We are a celebratory society. We celebrate birthdays, anniversaries, holidays, and other milestones. In our personal lives we celebrate just about every chance we get. But what about our professional lives? When was the last time your business celebrated a birthday, anniversary, or mid-year production goal? With their eye on the finish line, business owners can miss the little successes, milestones, and personal achievements that happen on the way to that finish line.
So, what does celebrate really mean? Does it mean that every time something good happens you have to throw a party? Of course not, but it does mean that as the owner, you will need to be intentional about acknowledging the successes of the business and its employees. There is any number of ways a business can celebrate success.
- As owner and manager, simply walking the floor of your business and thanking your employees for a job well done will go miles toward building their confidence. This in turn makes your business stronger because employees will feel appreciated and take more pride in their work.
- Acknowledge birthdays and anniversaries and on the job successes. You may be amazed at the amount of goodwill a $.99 greeting card presented to an employee from a group of employees can generate. The rule of thumb in this situation is that if you do it for one employee, it has to happen for all employees.
- Employee lunches are also a great way to bring everyone together. It gives the employees an opportunity to interact with each other without the pressure of job performance and allows you, the owner, to bring everyone together at one time and show your appreciation. It doesn’t have to happen that often but should happen at a regular interval, such as once per quarter.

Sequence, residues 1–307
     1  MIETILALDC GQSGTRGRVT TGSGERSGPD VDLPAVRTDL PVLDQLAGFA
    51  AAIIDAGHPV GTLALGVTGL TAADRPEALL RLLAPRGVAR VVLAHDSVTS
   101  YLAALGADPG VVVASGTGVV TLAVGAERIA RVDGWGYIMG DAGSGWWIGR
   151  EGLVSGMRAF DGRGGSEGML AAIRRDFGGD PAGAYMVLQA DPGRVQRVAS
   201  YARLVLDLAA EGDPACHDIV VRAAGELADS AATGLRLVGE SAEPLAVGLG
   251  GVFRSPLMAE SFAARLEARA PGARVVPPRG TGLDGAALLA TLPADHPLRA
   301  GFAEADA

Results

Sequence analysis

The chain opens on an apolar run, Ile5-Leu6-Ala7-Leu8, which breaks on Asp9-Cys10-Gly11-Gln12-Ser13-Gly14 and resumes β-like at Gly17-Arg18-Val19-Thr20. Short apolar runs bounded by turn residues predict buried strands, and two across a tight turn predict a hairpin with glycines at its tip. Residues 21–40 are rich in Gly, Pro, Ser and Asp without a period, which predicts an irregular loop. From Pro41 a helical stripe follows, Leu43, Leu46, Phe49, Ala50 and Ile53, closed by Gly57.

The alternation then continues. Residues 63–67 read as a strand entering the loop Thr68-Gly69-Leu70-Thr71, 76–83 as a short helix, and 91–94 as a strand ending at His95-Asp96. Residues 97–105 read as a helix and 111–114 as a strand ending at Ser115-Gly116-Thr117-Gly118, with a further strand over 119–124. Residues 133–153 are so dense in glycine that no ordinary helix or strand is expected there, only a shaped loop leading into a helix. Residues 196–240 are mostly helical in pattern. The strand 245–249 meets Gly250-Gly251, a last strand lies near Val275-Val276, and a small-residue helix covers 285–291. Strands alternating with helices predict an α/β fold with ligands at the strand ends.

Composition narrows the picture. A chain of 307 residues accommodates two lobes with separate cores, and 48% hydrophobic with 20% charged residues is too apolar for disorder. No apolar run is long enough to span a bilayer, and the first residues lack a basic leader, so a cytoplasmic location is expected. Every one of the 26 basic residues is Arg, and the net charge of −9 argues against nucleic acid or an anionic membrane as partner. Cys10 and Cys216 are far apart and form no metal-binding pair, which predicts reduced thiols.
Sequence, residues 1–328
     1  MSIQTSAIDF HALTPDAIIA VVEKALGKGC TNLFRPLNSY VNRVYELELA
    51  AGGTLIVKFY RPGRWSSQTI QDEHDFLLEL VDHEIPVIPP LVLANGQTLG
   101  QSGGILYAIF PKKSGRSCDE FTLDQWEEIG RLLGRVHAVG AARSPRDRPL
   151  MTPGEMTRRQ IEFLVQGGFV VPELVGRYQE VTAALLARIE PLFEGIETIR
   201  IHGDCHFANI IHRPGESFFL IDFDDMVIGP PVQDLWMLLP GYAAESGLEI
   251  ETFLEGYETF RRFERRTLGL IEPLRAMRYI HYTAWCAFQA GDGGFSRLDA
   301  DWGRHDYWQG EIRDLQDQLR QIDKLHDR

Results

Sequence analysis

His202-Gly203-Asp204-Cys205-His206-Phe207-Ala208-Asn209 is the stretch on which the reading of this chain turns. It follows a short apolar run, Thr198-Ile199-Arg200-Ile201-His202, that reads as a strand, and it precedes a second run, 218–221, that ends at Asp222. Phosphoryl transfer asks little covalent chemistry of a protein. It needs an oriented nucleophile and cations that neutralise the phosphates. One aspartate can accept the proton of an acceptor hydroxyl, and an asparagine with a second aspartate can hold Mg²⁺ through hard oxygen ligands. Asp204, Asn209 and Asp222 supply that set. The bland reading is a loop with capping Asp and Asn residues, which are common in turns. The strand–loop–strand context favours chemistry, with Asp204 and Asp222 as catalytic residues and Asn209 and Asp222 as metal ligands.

- Identify and celebrate milestones along the way Much like a marathon has water stations; the path to your goals needs to have points of relief or acknowledgement. This will keep the entire team fresh and pushing towards the goals of the business.
- Plan and be prepared to be spontaneous. The business won’t be able to define with certainty when milestones will be reached so it is up to you, the owner, to have the tools in place that allow for last minute celebrations. An example of this would be a “Celebration Tool Kit,” filled with items such as balloons, cards, banners and the like. If the tools are there, it will be much easier for the owner/managers/employees in the business to celebrate successes.
These are just a few of the ways that you can celebrate the success of your business and those working in your business. As you have seen, they don’t have to be monetarily heavy celebrations. They just need to be true to the business and heart felt. Management guru Tom Peters says, “Celebrate what you want to see more of.” What are you doing to celebrate the things you want to see more of in your business?